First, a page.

SEATTLE - Some workers in the cash-strapped ferry system are collecting thousands of dollars to drive to and from work, simply because their job is deemed a "special project."
Special projects at the Washington State Ferries are important assignments which keep boats moving and passengers safe. The projects include work such as training deck hands, developing vessel maintenance programs, and making sure engineers are up to speed on the latest technologies.
Workers on special projects, about 40 ferry employees at any given time, usually have to travel away from their home terminal to their assignment. For the inconvenience, the state pays their travel time and mileage to drive or ride a ferry to and from work to get the job done.
Brian Twietmeyer has to shove off from his home terminal of Kingston and travel all the way to an office building in downtown Seattle for his special project. It’s a 24 mile round trip every day. His job is to make sure ferry deck hands are properly trained by developing their educational programs.
Last year, Twietmeyer made roughly $98,000 in wages. He earned an additional $26,000 for travel and mileage to get to and from the office. The travel benefit brought his total pay to $124,000 in 2009.
Many people would define a special project as something out of the ordinary; a job with a beginning and an end that lasts a few months or so. KING 5 has found the ferry system has a loose definition of special project. In some cases, they last 10 to 15 years. And as long as a job is slated a special project, taxpayers are funding the perks that go along with them.
Twietmeyer's been developing those deck hand training programs since 1999. For the last 12 years, he's been paid to travel to and from the same office five days a week. Based on available data obtained from the ferry system through a public records disclosure request, the KING 5 Investigators estimate Twietmeyer’s been paid about $220,000 in travel time and mileage over the years.
Sen. Curtis King, R-Yakima, sits on the Transportation Committee, which is painfully aware of the ferry system's dire financial picture. It’s facing a $1 billion shortfall over the next 15 years.
"When you've been doing something for 12 years, that's not a special assignment, that's an employee," said King. "We can't continue to pay the kinds of money you've shown me here today unless there's truly justification to do it, and on face value, it doesn’t appear that there would be."
Some workers have collected even more. Bill Hughes is a top-rated radar specialist. His job is to develop new radar technology and training programs. His work has been deemed a special project for the last 15 years.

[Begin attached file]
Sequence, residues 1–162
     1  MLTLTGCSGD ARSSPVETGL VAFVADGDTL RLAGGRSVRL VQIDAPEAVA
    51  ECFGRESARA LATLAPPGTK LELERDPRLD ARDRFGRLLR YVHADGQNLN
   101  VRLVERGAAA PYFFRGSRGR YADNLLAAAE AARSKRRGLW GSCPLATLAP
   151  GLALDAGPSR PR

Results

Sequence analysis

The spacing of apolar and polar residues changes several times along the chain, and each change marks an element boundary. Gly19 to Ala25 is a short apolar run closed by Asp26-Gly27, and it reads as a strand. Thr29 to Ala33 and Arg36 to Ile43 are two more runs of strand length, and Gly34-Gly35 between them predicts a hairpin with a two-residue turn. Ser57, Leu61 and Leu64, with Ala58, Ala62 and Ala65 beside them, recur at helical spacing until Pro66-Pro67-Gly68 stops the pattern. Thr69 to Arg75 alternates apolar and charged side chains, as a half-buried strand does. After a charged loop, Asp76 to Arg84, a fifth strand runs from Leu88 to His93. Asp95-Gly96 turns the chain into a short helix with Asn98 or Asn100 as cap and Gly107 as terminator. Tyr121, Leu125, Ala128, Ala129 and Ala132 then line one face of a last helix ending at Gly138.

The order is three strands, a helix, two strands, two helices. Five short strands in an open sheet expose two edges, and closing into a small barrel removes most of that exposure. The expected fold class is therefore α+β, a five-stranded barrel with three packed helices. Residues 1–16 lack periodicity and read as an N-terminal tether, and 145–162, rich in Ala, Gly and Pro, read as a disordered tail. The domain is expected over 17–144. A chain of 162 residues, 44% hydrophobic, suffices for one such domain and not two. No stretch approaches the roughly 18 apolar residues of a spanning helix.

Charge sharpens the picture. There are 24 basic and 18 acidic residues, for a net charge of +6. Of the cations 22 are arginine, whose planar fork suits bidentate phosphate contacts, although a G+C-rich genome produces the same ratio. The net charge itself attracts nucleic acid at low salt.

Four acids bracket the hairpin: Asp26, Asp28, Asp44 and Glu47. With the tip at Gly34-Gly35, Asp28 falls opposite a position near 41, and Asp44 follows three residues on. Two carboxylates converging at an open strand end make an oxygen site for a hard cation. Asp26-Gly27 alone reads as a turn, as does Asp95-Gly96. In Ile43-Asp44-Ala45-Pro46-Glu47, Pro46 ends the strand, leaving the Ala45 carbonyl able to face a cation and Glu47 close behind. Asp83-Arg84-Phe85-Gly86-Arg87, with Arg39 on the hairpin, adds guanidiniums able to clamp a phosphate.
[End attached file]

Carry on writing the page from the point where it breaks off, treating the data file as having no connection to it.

Since 1995 the state's paid him for traveling to and from his home base in Bremerton. KING 5 estimates Hughes has received $450,000 in travel time and mileage over the years.
Why would some jobs be deemed a special project for so long, netting the workers lucrative benefits? Ferry executives tell us union contracts have historically been interpreted to mean those workers are entitled to the job classification and the travel perks.
But because of our investigation, that could be changing.
“Our goal will be to eliminate travel time and mileage for the two unions who currently have that in their contract," said David Moseley, Assistant Secretary for Washington State Ferries.
Moseley’s been running the ferry system for just two years. He said his first priorities were to cut out administrative overhead and millions of dollars in consultant contracts. Moseley said he wasn’t aware of the long-standing perks for special project employees until KING 5 started asking questions.
"The reality is your public disclosure request focused me on this issue," said Moseley.
The ferry employee who’s made the most through special projects is Michael O’Connor. He is highly skilled with a big job of preparing and updating dozens of technical training and operational manuals for the ferry system.
O'Connor's been traveling from his home base in Anacortes to a regional ferry office in Everett to work on this special project for 12 years. Last year, in time and mileage alone, he made nearly $50,000. Over the years, KING 5 estimates that benefit has added up to about $480,000; all that money for him to drive everyday to and from the exact same office.
Asst. Secretary Moseley says he should held accountable.
"I'm in charge of the ferry system. We have to fix this problem and we will,” said Moseley. “We must find a way to provide this important work cheaper, and we will."
KING 5 tried several times to reach the special project employees through their union chiefs, but calls and e-mails were not returned.